Intel Pentium 820 D 2.8GHz 90nm Dual Core

by Rob Williams on June 5, 2006 in Processors

If you are looking to upgrade to a dual core rig, but want to do it cheaply, then Intels 8** series may be for you. We are taking a look at the 820 D, a 2.8GHz chip with 2*1MB cache. What makes it a great value is the fact that it overclocks to almost 4GHz on air. But compared to other similar chips on the market, is this one worth your cash?

Page 2 – Overclocking Ability

Because the 820 D carries a ‘budget’ moniker, overclocking was going to be interesting. If you buy a high-end chip, you already know to expect good overclocking ability. When you take the low road though, it’s always hit or miss. My goal originally was to achieve a 4.0GHz, as unlikely as that may seem. Up until last month, the CPU was cooled using Corsairs Nautilus 500. That setup is how I acquired all my found overclocks. However, I have since moved the N500 into another PC, so the Zalman 9500AT is the current cooling in place.

I chose to skip overclocking using the stock cooler, because temps were far too high. Of course if you do plan on doing any overclocking, you should almost always upgrade to an aftermarket cooler.

Using the water cooling, the max overclock I have achieved was 4.2GHz. Though this was rather unstable, and put me in an odd predicament. After some troubleshooting, I had found that one of the cores was not as overclocking friendly as the other. I came to this conclusion because Windows would not boot at 4.2GHz, but if I changed it to 4.2GHz when Windows was already loaded I would have no problems. While in Windows at 4.2GHz, the CPU proved 10 hours Prime95 stable.

Here’s another oddity. When I ran that 10 hour prime run, it was only on the single core. The second core was left completely alone, because I wanted to first see if 4.2GHz was stable using the CPU as a single core. Once that passed fine, I opened up another instance to run on the second core, to which I immediately had errors. Stranger still, is that if I chose either core to stress test, one at a time, I would run into no errors. It was only when I stressed them both at the same time that the second core would error. The first core has never failed in any of my overclocking tests.

After some more investigation, I came to the conclusion that the main problem had to do with the 64-bit part of the second core. At 4.0GHz, Windows x32 booted no problem, over and over. But, trying to boot into Windows x64 at the same clock would fail everytime. It would either give an abrupt BSOD or restart during the Windows boot screen.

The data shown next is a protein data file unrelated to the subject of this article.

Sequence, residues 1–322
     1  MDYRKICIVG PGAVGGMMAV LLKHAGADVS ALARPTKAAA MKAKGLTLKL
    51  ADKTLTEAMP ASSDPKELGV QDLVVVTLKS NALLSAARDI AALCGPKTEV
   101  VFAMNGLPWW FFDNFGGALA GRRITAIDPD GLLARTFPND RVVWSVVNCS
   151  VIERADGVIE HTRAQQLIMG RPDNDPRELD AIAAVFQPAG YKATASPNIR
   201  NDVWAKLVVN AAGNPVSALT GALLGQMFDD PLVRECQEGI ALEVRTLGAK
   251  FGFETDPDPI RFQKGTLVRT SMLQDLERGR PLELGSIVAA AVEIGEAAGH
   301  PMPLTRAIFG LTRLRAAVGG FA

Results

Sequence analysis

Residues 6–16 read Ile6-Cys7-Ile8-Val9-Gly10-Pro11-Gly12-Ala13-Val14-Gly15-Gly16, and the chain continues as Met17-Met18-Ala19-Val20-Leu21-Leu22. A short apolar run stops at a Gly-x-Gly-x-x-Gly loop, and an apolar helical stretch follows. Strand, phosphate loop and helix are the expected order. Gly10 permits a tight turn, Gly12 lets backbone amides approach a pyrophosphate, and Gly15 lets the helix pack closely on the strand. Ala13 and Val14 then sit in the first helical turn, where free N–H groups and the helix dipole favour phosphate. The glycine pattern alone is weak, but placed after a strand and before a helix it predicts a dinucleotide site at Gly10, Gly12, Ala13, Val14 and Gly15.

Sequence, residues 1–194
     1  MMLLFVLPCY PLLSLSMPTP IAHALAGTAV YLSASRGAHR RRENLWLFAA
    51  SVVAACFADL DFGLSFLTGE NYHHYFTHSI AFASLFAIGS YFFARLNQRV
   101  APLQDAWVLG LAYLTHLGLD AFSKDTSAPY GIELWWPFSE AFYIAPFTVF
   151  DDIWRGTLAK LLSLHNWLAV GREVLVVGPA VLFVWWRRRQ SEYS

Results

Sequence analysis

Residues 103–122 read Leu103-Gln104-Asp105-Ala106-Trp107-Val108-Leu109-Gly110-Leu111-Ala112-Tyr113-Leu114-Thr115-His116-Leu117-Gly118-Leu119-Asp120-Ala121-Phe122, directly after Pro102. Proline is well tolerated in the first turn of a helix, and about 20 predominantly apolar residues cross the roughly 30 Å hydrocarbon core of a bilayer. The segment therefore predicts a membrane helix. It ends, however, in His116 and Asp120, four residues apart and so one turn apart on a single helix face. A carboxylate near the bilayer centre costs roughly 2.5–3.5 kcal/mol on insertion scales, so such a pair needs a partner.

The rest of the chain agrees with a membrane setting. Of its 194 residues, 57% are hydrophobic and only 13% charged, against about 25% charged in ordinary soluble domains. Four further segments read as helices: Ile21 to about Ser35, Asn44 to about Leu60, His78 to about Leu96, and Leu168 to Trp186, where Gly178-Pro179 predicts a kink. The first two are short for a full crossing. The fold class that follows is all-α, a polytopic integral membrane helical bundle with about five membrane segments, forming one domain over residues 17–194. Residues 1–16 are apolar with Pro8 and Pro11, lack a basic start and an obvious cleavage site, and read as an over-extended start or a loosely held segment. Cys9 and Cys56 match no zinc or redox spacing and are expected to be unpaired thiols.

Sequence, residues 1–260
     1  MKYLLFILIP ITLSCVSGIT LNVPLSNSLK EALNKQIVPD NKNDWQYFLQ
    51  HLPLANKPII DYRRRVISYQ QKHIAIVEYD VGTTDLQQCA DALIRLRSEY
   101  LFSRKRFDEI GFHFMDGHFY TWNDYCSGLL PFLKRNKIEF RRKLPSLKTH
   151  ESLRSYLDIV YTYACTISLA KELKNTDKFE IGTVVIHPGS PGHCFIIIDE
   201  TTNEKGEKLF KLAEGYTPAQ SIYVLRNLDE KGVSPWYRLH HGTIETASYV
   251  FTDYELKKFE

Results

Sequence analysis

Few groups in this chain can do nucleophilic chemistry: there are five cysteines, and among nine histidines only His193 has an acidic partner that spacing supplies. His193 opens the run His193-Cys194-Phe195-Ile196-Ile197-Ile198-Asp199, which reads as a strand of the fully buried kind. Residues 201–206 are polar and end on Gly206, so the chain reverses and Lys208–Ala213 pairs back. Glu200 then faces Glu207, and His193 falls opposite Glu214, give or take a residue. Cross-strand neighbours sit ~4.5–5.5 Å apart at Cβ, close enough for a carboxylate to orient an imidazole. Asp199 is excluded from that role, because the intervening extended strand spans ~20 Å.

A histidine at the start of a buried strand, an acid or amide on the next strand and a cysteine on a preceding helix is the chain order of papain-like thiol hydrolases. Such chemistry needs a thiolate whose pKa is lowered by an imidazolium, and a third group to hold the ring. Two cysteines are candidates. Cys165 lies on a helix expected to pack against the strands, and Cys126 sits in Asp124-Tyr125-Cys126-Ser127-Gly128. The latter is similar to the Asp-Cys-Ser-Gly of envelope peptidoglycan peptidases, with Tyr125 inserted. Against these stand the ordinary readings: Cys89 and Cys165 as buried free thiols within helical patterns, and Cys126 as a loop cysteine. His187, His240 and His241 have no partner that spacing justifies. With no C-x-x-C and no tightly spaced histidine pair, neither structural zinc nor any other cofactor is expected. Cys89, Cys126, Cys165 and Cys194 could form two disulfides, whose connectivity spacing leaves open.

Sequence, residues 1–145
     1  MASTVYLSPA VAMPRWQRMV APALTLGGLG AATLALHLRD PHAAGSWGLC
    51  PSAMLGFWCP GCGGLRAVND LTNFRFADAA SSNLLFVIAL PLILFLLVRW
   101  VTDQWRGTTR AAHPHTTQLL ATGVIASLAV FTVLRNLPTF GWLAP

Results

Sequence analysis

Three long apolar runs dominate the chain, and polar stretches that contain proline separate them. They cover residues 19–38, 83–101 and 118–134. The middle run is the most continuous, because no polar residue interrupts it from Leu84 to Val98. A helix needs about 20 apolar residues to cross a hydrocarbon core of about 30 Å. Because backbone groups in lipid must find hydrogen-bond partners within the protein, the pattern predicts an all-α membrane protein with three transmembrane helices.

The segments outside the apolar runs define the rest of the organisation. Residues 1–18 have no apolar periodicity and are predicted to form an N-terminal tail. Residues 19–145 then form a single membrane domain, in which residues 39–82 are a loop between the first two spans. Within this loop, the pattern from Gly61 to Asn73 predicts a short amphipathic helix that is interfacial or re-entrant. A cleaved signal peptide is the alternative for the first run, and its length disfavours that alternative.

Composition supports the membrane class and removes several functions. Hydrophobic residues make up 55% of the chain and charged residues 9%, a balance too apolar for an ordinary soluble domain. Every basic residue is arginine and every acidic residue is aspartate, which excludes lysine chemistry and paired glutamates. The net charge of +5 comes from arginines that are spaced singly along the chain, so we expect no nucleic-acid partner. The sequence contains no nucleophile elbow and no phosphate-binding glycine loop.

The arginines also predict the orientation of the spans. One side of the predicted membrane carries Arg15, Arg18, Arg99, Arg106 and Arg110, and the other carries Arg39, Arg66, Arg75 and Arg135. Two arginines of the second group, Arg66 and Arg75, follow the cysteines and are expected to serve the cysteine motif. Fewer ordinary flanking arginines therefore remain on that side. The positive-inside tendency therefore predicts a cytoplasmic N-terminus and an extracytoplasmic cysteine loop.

3.92GHZ seemed to be the ultimate stable overclock, for both versions of Windows. I will consider that my top overclock, although yours may vary if you get a CPU with two friendly cores. Regardless of the 4.0GHz+ problems, I will gladly take 3.92GHz on a sub $200 dual core any day.

Here are the overclocked settings I will be benching with. All of these have proved 100% stable. Of course this could have been eight separate overclocks, but there was no need. 3.36GHz was completely stable using the stock cooler, however I didn’t go beyond that until I had the better cooling solution. Using the Zalman 9500AT, the CPU was completely stable up to 3.74GHz. 3.92GHz is hit and miss though, in a couple regards. First, at that clock speed, Rosetta had run for 44 straight hours without a single issue. That was with the CPU at 73°C for almost two days straight. However, when it came to a couple benchmarks, we will see that the increasing heat on the CPU held back from some great scores.

  • 200FSB, 2.8GHz, 1.3v, 400MHz (4-4-4-8)
  • 240FSB, 3.36GHz, 1.3v, 400MHz (4-4-4-8)
  • 267FSB, 3.74GHz, 1.4v, 445MHz (4-4-4-8)
  • 280FSB, 3.93GHz, 1.5v, 480MHz (4-4-4-8)

The primary reason that the CPU could reach 73°C to begin with is due to my rooms ambient heat. Even on a cool day, the room hovers between 80°F and 90°F. It doesn’t prove to be the ideal testing environment, but it could not be helped. That said, if you have a computer room that’s kept at comfortable temperatures, your results may prove better than mine.

Testing Procedures

Throughout all of our benchmarks, regardless of what we are reviewing, testing is done in a clean, stand-alone version of Windows XP Professional with SP2. Prior to testing, these conditions are met:

  • Desktop and scrap files are cleaned up, including emptying of recycle bin.
  • No virus scanner or firewall is installed in the stand-alone installation.
  • The stand-alone installation drive is completely defragged using Diskeeper 10 Pro Premier.
  • All unnecessary programs are closed, so that Windows should have no more than 15 active processes running.
  • Computer has proper airflow.

If you are interested in using the same benchmarks as us, feel free to visit the developers website:

The testing rig used for today’s benchmarking is as follows:

  • CPU: Pentium D 820 (2.8GHz – 3.92GHz)
  • Motherboard: ASUS P5WD2-E Premium w/ 401 BIOS
  • Memory: Corsair 2GB PC2-6400PRO
  • Video: BFG 6800GT OC 256MB PCI-E
  • Sound: Realtek HD Audio
  • Storage: WD 200GB 7200 8MB
  • Odds and Ends: D-Link WiFi PCI Card
  • Etcetera: Windows XP Professional w/ SP2, NVIDIA 81.98 Drivers

Since this is the first Intel chip that we’ve reviewed, we don’t have any means to compare to other similar CPU’s.

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Rob Williams

Rob founded Techgage in 2005 to be an 'Advocate of the consumer', focusing on fair reviews and keeping people apprised of news in the tech world. Catering to both enthusiasts and businesses alike; from desktop gaming to professional workstations, and all the supporting software.

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